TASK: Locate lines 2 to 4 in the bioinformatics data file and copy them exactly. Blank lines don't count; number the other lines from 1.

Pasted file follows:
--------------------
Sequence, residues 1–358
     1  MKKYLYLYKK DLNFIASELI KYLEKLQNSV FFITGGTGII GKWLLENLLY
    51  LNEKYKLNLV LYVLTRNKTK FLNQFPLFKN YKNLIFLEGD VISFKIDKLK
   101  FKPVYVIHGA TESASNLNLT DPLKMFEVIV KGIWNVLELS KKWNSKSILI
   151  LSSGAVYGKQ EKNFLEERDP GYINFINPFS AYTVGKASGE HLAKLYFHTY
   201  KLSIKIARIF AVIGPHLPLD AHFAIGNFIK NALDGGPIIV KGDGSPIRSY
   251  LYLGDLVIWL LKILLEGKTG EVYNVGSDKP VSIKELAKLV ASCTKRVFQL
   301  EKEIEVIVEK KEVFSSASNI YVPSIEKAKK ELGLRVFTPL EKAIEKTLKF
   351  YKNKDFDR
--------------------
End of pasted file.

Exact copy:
     1  MKKYLYLYKK DLNFIASELI KYLEKLQNSV FFITGGTGII GKWLLENLLY
    51  LNEKYKLNLV LYVLTRNKTK FLNQFPLFKN YKNLIFLEGD VISFKIDKLK
   101  FKPVYVIHGA TESASNLNLT DPLKMFEVIV KGIWNVLELS KKWNSKSILI